On just about every block of my small town there’s a business ­with a “Help Wanted” sign. The business could be a restaurant, a motel, a marina or a landscape company. These are companies (in some cases franchise operations) competing in low-margin industries characterized by high labor costs. For the most part these businesses are seeking to fill entry-level jobs.

That’s not to say that people responding to these pleas for help have to stay in these low-wage jobs. These hires are faced with one of three choices. They can continue to work in the low-wage job. They can become dissatisfied with what they are doing and move on to another job, perhaps another low-wage job. Or, they can work hard and smart, and show their employer that they’re worth more than they’re being paid.

That’s the beauty of our free enterprise system; we all have the freedom of choice when it comes to earning our keep. In almost all cases, we can (and eventually will) rise as high in terms of rewards as our energy and our value to others (and especially employers) allows. These thoughts swirl through my mind as I witness  (and survive) yet another invasion of mayflies in my small lakefront community.

In particular, what caught my attention this particular invasion is how businesses and their employees in my town respond to it. But first, a bit of information about mayflies.

Contrary to what their name implies, mayflies don’t start arriving here until mid-June. You wake up one fine morning and you see a couple of mayflies attached to the side of your house or the windshield of your car. These critters are merely the advance guard. They’re the first indication that armies of their brethren are gathering in the nearby lake awaiting favorable conditions to advance. We brace ourselves, because when the wind shifts and blows in from the lake, they arrive in numbers worthy of mention in Exodus.

Mayfly drive-thruTheir official name is Hexagenia limbata and, apparently, they can be found in regions adjacent to rivers, ponds and lakes in much of the United States and Canada. After progressing from nymph to adult and leaving the muddy bottom of a lake or pond, these diaphanous, fragile insects, being weak fliers, count on providential breezes to waft them to nearby sources of light or to lightly colored cars, houses or T-shirts, which they swarm to and cover in a matter of seconds. They’re harmless, as far as that goes. They don’t bite and they don’t live more than a day or two after leaving the lake. The problem is their incredible numbers. You can hardly avoid them as they crunch when you walk on them. When they die they stink, leaving behind a fishy smell.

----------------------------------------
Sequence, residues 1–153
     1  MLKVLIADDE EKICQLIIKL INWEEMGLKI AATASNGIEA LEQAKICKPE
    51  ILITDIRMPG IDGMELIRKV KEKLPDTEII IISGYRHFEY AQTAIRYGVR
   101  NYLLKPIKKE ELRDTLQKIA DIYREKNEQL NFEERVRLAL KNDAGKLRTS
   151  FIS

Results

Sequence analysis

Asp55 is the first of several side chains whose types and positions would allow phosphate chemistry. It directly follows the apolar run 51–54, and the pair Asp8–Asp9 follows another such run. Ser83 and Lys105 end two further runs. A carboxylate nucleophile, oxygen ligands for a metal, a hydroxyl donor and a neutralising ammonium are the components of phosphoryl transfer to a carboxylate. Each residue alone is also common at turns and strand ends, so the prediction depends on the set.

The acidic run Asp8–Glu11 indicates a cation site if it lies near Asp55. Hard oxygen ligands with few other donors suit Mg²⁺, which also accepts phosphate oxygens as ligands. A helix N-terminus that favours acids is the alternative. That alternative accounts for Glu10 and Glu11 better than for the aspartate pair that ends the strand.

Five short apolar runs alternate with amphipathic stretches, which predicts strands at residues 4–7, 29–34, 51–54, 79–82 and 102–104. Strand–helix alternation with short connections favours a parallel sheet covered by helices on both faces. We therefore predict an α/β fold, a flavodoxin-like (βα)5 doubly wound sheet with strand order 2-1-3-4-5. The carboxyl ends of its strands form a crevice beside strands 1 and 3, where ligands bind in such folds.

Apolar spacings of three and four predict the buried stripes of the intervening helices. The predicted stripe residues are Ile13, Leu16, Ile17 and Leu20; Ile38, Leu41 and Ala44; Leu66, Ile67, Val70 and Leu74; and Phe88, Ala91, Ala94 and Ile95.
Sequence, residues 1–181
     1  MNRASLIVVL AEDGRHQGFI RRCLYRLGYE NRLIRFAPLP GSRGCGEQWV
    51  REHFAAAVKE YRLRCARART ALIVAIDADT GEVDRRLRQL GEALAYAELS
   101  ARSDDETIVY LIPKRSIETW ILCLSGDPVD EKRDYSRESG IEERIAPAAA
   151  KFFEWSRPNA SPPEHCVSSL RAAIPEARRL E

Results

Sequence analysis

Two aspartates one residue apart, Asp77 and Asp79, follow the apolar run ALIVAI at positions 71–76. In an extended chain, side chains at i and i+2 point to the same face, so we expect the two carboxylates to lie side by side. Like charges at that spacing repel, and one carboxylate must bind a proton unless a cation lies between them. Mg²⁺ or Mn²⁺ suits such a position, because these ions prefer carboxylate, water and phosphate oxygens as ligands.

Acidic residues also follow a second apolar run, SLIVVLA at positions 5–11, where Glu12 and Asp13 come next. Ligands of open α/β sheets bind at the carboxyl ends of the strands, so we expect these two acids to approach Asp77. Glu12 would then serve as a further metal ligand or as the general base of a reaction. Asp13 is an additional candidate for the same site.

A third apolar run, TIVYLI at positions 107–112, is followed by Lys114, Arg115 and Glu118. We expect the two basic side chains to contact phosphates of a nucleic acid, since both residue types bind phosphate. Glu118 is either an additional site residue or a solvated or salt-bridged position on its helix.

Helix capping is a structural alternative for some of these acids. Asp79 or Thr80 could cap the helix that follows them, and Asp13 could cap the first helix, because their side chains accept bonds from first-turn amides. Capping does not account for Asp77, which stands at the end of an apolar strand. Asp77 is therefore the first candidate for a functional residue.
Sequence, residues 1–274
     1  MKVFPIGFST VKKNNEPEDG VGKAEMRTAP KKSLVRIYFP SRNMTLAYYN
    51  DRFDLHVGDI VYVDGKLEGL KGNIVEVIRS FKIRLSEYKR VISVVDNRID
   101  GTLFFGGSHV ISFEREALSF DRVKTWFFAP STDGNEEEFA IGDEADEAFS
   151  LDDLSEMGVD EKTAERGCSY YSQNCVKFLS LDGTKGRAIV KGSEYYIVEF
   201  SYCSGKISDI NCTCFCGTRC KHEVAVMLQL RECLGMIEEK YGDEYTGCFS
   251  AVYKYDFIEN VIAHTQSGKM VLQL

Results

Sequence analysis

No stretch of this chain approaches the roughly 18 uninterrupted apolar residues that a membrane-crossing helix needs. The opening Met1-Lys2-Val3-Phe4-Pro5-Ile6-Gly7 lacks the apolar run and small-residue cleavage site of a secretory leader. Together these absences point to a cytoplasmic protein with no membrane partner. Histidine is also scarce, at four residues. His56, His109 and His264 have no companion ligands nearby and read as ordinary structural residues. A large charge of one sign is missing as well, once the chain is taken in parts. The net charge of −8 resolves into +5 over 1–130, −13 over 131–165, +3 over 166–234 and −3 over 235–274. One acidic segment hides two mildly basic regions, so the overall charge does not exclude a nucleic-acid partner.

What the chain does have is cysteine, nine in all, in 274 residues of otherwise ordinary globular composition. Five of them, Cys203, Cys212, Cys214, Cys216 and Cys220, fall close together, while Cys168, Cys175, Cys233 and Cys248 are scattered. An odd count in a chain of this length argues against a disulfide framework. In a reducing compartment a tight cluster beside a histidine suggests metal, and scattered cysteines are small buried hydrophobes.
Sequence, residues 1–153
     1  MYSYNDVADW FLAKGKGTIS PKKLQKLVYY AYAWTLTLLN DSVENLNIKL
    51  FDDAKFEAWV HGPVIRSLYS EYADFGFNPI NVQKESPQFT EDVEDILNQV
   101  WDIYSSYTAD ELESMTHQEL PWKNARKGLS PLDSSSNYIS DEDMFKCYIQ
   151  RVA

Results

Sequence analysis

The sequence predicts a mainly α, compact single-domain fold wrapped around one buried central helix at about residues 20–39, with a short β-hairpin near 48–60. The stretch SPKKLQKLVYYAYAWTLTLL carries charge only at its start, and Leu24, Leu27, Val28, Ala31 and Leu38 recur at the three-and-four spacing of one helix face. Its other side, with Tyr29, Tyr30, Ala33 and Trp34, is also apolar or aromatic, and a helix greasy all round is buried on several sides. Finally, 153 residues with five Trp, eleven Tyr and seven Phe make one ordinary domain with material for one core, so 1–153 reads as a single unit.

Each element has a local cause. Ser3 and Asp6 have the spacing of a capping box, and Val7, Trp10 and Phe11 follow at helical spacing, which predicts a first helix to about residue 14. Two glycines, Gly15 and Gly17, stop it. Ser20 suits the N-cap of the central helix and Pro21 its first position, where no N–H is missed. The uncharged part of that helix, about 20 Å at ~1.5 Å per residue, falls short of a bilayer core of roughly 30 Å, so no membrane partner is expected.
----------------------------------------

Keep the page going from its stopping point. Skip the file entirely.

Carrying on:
Most businesses take a proactive approach to the invasion, and early each morning they use a power washer to blast the thousands of mayflies that have arrived the night before from their storefronts, sidewalks and parking lots. Some businesses use backpack blowers, which aren’t as efficient but gets the job done. And a few businesses (to this writing anyway) have been taking the laissez-faire approach and letting the bugs cover their windows and pile up around their doors. Curious why this is so, I questioned an assistant manager at one of these businesses about the mess at his storefront, he told me his store didn’t have a power washer or backpack blower. He also said he was short-handed and his employees were too busy to deal with the insects. He wasn’t unpleasant or defensive. He spoke freely.

This got me to wondering whether people stay in minimum-wage jobs (the assistant manager makes a small premium above minimum wage, he told me) because they feel that no matter what they do, they will not advance within their companies? Or, whether they remain in minimum-wage jobs because they will only do the absolute Mayfly entranceminimum to keep their jobs? In other words, do they feel they are locked into their low-wage situation regardless of what they do because management has not indicated any other possibility? Or, does their attitude indicate that they’re not likely to ever be more valuable to their employer than what their entry-level wages suggest?

On the surface it might seem to be two sides of the same question, but I think not. I think there is a significant difference between the two questions—at least in the perception of entry-level employees. And I think the heart of the matter is the management of these businesses, referencing what I’m seeing during our most recent mayfly invasion.

When management does not set expectations for its employees (entry-level or otherwise), train them and provide them with the tools and materials they need to function effectively within their respective companies, what kind of message do you think this is sending to its employees? It seems to me that management is indicating to these employees that it doesn’t expect much from them or that they will ever rise to the next level in their careers.

Of course some will, regardless of this, meaning that some employees may come in early to clean the mayflies from the store windows. But most won’t. In the end, it’s every entry-level employee’s to accept or not to accept staying in their dead-in jobs and battling the bugs each June and July.